By Joe Pinkstone For Mailonline
Published: 05:01 GMT, 6 January 2021 | Updated: 05:01 GMT, 6 January 2021
Losing the senses smell and taste are common symptoms of Covid-19 and new data shows it affects 86 per cent of individuals with mild cases.
However only 4.5 per cent of people with moderate cases and 6.9 per cent in severe-to-critical cases say they have these symptoms.Insurance Loans Mortgage Attorney Credit Lawyer
The study from Paris Saclay University also reveals that for a quarter of people (24.1 per cent) their smell and taste fail to return within 60 days of infection.
But the vast majority (95 per cent) of all patients do regain their sense of smell six months post-infection.
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The study from Paris Saclay University reveals that for for almost a quarter of people (24.1 per cent) their smell and taste did not return within 60 days of infection
The figures vary depending on if the symptom is reported by the patient themself or the doctor.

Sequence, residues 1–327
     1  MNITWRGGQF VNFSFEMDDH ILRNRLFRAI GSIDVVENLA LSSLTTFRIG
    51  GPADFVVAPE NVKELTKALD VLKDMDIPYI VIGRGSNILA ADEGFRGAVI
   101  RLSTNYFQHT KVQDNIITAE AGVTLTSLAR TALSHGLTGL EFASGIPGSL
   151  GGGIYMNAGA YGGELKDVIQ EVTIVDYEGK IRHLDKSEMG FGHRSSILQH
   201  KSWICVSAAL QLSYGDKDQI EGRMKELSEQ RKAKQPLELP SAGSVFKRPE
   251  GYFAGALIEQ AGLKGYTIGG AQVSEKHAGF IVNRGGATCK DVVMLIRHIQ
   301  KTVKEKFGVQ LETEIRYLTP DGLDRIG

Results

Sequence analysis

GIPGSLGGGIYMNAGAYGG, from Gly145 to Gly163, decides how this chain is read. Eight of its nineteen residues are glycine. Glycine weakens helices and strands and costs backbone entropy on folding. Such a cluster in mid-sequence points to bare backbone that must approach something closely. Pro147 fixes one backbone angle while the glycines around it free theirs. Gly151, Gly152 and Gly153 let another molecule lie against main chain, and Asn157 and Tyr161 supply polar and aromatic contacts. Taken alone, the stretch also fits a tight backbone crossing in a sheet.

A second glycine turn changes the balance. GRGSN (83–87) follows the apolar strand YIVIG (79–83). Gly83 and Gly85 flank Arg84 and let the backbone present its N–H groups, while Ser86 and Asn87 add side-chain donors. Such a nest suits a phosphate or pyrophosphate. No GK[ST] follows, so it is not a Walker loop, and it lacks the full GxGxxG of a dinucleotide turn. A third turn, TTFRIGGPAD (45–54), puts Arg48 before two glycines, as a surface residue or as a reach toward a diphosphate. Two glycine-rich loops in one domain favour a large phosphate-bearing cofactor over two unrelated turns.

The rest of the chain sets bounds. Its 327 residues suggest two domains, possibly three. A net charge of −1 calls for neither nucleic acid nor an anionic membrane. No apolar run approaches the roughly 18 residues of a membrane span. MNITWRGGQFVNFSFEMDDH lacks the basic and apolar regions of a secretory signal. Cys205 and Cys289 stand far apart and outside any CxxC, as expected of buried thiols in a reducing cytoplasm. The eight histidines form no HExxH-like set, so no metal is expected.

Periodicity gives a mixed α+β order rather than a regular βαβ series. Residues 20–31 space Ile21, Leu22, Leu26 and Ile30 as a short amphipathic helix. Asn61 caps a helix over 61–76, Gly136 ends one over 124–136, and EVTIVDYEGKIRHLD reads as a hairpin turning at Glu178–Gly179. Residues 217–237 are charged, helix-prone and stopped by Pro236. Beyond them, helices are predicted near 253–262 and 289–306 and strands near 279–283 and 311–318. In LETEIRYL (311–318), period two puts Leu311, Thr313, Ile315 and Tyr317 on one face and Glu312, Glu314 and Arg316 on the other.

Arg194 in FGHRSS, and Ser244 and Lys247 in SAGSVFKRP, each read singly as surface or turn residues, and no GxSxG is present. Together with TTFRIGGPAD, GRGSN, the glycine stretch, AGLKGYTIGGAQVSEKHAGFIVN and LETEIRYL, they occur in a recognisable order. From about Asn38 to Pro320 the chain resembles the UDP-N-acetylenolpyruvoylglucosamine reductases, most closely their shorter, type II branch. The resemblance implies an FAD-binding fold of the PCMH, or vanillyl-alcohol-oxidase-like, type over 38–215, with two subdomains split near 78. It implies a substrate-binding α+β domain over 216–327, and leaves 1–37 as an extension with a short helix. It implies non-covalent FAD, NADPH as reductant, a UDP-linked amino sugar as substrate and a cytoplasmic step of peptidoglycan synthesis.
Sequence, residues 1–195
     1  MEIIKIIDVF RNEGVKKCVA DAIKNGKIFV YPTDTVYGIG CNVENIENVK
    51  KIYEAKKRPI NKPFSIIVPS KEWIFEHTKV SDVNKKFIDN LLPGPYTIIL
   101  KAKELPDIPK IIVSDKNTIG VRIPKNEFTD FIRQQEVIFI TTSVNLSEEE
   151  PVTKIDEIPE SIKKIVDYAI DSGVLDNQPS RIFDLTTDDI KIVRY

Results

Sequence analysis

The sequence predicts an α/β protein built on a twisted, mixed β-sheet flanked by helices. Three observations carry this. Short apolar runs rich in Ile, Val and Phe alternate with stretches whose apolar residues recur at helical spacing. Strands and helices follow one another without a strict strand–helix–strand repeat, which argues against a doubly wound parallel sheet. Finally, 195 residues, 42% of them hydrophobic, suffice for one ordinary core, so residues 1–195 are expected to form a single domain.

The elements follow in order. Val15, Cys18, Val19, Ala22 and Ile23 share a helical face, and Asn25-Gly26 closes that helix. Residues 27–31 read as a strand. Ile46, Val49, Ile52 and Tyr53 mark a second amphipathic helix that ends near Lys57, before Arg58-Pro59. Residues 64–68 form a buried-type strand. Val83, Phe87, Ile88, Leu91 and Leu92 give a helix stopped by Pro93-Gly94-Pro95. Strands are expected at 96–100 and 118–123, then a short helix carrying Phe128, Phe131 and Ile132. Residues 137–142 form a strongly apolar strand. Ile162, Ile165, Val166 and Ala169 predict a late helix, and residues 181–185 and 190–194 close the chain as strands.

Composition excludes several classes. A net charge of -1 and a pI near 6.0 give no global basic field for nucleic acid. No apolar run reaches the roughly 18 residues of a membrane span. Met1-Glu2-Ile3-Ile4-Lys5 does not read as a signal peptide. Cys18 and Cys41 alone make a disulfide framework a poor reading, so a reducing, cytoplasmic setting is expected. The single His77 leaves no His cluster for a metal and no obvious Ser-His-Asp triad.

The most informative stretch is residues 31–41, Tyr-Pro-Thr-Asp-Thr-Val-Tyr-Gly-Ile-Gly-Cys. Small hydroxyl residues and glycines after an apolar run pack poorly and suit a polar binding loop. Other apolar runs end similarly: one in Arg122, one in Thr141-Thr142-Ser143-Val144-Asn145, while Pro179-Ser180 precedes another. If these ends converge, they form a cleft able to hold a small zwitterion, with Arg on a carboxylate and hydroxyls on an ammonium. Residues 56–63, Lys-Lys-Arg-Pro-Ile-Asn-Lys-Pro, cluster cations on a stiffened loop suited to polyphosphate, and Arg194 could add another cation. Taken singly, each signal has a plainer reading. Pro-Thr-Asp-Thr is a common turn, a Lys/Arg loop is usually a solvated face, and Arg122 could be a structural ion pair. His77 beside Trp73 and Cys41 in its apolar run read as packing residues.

Objective clinical evaluations found a loss of smell in 54.7 per cent of mild cases of COVID-19 and 36.6 per cent of moderate-to-critical cases of COVID-19.
And two months later almost a quarter of patients still suffered from a lack of smell, also known as anosmia.
Researchers scrutinised anonymous data from more than 2,000 people in 18 different European hospitals.
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Objective clinical evaluations found a loss of smell in 54.7 per cent of mild cases of COVID-19 and 36.6 per cent of moderate-to-critical cases of COVID-19. Researchers discovered olfactory dysfunction in more than half of mild virus infections (stock)
Anosmia is the medical name for a condition in which someone suffers a complete or partial loss of their sense of smell and/or taste.
The most common single cause of the condition – temporary or permanent – is illnesses which affect the nose or sinuses, such as polyps which grow in the airways,